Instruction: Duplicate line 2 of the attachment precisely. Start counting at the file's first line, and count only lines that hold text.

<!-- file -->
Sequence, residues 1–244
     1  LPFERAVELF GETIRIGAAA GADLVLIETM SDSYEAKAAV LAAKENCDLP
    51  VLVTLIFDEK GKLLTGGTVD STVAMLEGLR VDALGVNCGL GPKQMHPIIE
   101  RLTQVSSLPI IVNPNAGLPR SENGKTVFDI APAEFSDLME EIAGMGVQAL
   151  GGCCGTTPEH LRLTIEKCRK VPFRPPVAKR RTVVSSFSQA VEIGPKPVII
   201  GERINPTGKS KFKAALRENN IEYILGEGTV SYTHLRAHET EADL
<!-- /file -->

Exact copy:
     1  LPFERAVELF GETIRIGAAA GADLVLIETM SDSYEAKAAV LAAKENCDLP